In talking about the Four Noble Truths sometimes I like to use the medical model: sickness, cause of the sickness, cure and the medicine. In a way meditation can be seen as discovering the medicine for the sickness that we create ourselves. So to use it in a practical way, when you are meditating or whatever you are doing, whenever there is suffering don’t give it a minus, don’t feel bad about it but see: I am experiencing what the Buddha called the First NobleTruth. He called it noble because it is only when we suffer that we can find a way out of suffering. It is only when we are sick that we feel the need to find the medicine. So in any situation where there is suffering just see it as the First NobleTruth. And I think this is a very interesting way of relating to suffering because we are learning to see the Dhamma in the suffering.
But the Second NobleTruth is more difficult than the First NobleTruth, where you have to see that you are creating the suffering yourself by the images you have, by the models you have, by the expectations you have. This is where one has to see very clearly, to see your own expectations, to see your own models, to see your own images. To see what it is that you are resisting in relation to what is happening. Even while we are meditating we can use this. So when you are meditating and when you are suffering for some reason, then you can investigate immediately what you are expecting, what you are wanting, what you are demanding.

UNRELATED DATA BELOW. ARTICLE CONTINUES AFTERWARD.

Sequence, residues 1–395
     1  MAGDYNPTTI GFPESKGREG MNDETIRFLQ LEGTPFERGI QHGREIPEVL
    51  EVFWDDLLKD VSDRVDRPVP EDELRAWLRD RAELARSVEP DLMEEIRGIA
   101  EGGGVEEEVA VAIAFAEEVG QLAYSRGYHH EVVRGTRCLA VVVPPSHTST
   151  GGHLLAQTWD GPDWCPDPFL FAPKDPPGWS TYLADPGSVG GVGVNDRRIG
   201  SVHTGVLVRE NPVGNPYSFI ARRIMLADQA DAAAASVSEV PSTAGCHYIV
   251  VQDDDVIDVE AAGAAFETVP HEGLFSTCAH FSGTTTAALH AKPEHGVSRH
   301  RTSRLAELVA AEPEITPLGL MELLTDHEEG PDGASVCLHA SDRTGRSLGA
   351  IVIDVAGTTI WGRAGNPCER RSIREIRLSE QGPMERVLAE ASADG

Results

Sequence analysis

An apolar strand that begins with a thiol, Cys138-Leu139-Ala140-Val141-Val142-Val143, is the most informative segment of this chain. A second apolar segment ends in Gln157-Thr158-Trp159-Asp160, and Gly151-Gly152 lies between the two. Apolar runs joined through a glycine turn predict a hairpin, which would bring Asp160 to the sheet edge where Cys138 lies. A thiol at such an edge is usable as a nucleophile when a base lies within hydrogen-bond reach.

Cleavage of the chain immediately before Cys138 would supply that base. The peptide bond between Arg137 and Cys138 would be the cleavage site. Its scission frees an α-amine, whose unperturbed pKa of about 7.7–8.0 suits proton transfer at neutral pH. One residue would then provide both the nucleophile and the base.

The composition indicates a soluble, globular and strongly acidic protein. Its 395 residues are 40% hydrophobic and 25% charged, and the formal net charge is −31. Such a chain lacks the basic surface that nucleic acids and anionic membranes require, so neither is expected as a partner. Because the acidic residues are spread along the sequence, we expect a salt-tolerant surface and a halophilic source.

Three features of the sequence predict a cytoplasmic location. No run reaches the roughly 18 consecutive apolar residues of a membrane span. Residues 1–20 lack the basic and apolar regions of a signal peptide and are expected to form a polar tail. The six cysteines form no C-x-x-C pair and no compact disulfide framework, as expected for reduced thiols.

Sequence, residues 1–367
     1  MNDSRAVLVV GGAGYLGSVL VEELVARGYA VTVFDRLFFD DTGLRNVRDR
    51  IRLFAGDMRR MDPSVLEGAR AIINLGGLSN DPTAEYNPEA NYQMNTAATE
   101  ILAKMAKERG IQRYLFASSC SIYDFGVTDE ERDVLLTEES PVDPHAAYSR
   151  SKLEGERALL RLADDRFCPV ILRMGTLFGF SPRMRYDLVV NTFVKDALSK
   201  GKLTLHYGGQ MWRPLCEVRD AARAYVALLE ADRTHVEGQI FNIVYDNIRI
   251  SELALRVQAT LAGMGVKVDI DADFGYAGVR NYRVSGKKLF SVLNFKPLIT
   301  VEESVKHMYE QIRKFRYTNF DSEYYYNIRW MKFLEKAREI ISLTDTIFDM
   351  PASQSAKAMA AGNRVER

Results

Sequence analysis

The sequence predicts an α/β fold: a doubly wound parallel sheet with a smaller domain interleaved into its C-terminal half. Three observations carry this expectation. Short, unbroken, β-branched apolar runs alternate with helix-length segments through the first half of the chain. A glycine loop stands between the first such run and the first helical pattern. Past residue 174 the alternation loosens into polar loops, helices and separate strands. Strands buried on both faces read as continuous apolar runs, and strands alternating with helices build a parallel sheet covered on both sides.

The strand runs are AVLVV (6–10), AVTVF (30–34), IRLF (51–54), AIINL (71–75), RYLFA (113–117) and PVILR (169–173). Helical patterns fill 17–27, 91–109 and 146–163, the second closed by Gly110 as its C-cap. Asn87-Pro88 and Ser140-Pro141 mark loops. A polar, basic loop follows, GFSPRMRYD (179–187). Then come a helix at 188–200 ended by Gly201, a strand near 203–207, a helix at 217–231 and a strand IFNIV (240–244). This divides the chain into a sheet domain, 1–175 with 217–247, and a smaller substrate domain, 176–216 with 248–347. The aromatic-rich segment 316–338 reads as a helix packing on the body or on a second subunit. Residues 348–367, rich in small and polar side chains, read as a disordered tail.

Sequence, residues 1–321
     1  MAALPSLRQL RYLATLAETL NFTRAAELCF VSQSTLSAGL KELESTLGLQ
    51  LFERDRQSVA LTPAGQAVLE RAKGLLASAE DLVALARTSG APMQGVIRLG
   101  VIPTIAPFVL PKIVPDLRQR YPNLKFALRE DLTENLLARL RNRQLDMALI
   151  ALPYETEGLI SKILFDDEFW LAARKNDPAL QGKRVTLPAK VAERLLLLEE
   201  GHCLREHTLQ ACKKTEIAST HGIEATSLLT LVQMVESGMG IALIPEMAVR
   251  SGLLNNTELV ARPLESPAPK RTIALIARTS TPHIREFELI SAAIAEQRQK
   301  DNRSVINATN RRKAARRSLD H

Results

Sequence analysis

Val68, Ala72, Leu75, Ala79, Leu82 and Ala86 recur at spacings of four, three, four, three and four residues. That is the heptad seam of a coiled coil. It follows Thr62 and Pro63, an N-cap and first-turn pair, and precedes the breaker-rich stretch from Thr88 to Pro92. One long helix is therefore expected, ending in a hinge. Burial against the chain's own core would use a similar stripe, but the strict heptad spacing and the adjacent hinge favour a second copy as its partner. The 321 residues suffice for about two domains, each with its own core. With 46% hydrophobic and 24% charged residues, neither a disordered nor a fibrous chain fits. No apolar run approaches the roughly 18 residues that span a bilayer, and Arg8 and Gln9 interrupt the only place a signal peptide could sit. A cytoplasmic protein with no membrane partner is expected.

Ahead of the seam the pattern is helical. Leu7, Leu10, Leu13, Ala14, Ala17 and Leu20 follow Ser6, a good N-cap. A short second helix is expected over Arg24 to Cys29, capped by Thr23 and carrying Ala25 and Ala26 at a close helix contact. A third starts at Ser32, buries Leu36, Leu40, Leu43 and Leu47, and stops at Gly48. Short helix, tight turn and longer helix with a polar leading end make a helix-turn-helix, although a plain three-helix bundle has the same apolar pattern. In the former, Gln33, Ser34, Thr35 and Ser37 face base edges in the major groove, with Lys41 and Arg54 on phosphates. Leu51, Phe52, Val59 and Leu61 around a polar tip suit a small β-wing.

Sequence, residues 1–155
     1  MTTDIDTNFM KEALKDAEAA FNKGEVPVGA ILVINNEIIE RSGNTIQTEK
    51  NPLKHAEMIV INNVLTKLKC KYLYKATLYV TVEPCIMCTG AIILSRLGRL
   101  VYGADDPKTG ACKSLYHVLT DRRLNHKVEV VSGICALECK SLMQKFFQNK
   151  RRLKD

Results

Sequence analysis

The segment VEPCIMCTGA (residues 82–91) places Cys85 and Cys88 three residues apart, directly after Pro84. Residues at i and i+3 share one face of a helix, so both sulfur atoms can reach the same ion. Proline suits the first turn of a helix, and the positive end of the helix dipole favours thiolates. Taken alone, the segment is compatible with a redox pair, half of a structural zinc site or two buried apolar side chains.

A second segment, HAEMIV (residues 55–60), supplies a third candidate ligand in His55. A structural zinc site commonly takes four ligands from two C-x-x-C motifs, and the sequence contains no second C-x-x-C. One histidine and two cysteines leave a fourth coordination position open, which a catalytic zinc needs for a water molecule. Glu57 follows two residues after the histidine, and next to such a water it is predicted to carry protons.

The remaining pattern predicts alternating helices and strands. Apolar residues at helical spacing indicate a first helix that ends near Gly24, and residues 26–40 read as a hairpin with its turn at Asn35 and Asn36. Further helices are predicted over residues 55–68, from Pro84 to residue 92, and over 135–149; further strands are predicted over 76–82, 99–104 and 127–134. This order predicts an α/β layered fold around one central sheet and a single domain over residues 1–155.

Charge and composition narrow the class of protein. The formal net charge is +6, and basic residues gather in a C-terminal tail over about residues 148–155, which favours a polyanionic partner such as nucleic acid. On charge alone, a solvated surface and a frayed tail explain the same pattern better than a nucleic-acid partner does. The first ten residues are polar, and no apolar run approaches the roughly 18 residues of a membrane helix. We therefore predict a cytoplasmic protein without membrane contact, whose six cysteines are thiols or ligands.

And I would like to suggest a positive way of using the Four Noble Truths, especially the last two. So if you constantly observe what is happening then you will realise: at this moment there is no suffering, there is no reaction, there is nothing that I am resisting. Then it would also be interesting to find out, why is there no suffering now? Then you will realise: Ah, I am accepting things just as they are now and therefore there is no suffering.